Is the CNHC killing Hypnotherapy?
Posted by: Stephen Rigby at 19:18, March 16 2015.

There is no question of hypnotherapy being a difficult profession in which to make a living. For a start off, it is a difficult business model. Unlike many therapies that are ongoing or require many months of investment (and, despite costing less per session, work out significantly more expensive than hypnotherapy), a good hypnotherapist will generally fix the complaints people come with in one to four sessions so one has to find a constant stream of new clients.

In the ten years in which I have been practicing, the methods of finding clients have changed dramatically, there seem to be fewer of them and one has to work harder to get them. I know this is not just my experience. The question is, why?

It is well known that one can make more money training hypnotherapists than by practicing hypnotherapy, so one theory is that the market is being saturated by a steady stream of newly trained hypnotherapists diluting the market. When I asked the question of the GHR (General Hypnotherapy Register – probably the largest register of hypnotherapists in the country) apparently this is not the case. What is happening is an increasing number giving up their practice because the lack of clients is making being a hypnotherapist non-financially viable.

It could be that people are becoming more mentally healthy but I think that unlikely. So the clients must be going elsewhere!

Can we blame the Complementary and Natural Healthcare Council (CNHC)? I have always been critical of hypnotherapy being forced to be regulated by the CNHC. I have many reasons for being critical of them – one reason being that it fails in what was supposed to be its reason for existence and does not make it safer for the public to find a hypnotherapist. It is actually significantly safer to find a hypnotherapist through the GHR than through the CNHC because the entry qualifications are higher. All the CNHC achieved for hypnotherapy was to push it further towards being thought of as an alternative therapy. By grouping it with therapies like “healing” and “reiki” it gives healing and reiki an orthodoxy they do not deserve at the expense of the medical standing of hypnotherapy.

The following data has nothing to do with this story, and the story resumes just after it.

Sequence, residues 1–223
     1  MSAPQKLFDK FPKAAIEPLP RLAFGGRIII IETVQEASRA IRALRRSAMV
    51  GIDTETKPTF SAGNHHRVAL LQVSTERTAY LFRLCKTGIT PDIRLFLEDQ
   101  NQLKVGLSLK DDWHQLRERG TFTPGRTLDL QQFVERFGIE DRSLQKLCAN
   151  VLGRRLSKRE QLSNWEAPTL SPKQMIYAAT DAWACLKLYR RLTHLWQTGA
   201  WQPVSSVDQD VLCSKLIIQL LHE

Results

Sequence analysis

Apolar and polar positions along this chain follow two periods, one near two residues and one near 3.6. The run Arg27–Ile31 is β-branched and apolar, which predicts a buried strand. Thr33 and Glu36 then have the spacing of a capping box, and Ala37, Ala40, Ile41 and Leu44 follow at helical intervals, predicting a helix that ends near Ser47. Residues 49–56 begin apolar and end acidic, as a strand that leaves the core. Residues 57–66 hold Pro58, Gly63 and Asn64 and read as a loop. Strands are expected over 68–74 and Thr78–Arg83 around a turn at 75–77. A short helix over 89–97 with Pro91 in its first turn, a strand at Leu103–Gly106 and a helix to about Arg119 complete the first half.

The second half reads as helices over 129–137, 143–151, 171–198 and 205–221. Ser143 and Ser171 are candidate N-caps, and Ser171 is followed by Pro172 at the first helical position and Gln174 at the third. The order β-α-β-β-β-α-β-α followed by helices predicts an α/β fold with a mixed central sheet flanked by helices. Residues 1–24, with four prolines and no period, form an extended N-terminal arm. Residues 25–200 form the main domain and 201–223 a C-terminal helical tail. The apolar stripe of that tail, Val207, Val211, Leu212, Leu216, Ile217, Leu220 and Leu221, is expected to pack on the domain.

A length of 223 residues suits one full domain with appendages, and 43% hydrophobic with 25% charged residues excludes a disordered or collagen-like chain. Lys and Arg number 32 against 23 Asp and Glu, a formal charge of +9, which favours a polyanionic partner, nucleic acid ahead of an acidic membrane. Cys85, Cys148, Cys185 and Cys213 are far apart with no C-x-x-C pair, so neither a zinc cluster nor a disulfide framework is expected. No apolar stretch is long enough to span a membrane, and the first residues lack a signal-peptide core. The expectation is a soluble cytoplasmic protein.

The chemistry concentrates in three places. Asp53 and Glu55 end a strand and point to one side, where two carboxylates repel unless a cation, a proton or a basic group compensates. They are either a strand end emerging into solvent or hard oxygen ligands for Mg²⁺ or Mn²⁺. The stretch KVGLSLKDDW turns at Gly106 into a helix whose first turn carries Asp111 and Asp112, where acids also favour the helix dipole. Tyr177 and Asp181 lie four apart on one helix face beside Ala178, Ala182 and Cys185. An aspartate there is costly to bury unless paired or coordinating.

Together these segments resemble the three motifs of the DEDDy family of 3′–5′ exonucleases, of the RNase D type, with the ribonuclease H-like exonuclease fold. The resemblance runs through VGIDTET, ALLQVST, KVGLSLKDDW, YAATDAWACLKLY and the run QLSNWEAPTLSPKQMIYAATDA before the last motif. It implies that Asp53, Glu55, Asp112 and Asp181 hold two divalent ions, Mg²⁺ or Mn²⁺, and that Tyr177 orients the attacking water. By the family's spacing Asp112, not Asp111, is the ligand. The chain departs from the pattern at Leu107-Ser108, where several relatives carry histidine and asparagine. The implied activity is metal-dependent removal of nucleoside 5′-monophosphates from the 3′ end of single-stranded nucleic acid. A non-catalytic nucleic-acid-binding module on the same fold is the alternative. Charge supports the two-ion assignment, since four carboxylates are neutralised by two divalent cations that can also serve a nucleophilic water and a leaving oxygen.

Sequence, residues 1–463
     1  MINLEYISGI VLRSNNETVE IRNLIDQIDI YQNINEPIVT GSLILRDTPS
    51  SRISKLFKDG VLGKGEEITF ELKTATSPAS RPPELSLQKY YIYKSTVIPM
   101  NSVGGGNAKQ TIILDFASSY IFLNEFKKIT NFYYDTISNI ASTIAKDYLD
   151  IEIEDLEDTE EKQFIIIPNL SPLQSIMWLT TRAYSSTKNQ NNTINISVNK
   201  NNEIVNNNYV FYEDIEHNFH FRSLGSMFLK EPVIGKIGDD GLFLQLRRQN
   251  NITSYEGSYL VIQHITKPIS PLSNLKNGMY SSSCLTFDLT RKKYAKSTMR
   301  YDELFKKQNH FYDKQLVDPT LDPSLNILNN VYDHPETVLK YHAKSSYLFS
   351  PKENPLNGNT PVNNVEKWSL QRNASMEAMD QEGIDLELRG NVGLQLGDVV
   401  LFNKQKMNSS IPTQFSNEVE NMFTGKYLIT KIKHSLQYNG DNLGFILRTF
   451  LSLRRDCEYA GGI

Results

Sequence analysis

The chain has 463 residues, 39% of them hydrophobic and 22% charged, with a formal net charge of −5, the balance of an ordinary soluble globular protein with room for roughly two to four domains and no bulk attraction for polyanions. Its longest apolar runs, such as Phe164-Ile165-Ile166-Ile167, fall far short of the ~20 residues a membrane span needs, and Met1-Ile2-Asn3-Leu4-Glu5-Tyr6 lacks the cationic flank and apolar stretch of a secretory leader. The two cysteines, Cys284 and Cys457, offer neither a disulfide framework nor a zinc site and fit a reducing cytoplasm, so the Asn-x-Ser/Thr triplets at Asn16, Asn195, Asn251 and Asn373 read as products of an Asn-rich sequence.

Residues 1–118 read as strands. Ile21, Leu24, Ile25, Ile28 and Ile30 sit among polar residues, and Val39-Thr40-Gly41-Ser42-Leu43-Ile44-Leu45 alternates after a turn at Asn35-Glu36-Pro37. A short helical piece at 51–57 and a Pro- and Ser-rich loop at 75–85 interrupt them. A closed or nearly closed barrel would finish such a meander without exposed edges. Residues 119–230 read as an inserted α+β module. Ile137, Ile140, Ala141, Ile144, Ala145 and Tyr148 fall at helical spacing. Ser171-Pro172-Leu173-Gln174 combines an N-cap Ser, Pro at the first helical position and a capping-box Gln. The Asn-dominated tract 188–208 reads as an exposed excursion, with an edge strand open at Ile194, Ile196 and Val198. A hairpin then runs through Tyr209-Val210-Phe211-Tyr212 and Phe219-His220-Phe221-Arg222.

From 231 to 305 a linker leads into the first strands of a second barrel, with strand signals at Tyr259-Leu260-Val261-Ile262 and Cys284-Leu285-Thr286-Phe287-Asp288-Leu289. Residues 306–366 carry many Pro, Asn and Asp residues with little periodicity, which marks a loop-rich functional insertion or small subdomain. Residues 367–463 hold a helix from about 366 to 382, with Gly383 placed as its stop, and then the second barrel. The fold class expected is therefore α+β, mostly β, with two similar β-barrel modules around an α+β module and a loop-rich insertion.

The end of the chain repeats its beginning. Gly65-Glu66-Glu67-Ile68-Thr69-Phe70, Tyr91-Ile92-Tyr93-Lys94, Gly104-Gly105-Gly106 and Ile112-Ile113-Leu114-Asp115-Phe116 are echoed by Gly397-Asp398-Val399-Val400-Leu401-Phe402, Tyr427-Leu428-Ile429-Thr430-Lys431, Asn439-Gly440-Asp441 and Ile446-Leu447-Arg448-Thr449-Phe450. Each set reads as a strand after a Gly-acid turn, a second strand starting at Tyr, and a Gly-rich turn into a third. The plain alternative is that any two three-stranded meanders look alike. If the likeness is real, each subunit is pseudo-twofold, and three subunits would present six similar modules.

The CNHC is not doing hypnotherapy’s reputation any favours but how might they be causing a drop in people seeking hypnotherapy? Could it be that people looking to the CNHC for a hypnotherapist become confused by too much choice (each therapy looking as credible as any other) and end up choosing something other than hypnotherapy? As the majority of the general public have no knowledge of the CNHC or its supposed function, this is an unlikely scenario.

A far more plausible theory is to blame Paul McKenna! We might also blame Derren Brown. Why, because they are not on TV at the moment. McKenna and Brown may have their critics within the body of those practicing hypnotherapy but at least they kept hypnosis in the public eye. There is also the argument that they may have killed interest by over exposure but the fact is that hypnotherapy is not promoted sufficiently from within the industry. That means less people are looking for hypnotherapists, therefore there are less clients.

It will be interesting to see the effect of the new ITV game show “You’re Back in the Room” on the number of people seeking hypnotherapy. The programme is a joke and deception from the introductory trailer to the end credits but its claim to be using hypnosis will bring it back into the minds of people and may revive the interest in hypnotherapy. Time will tell whether it turns people on or off to the idea of hypnotherapy.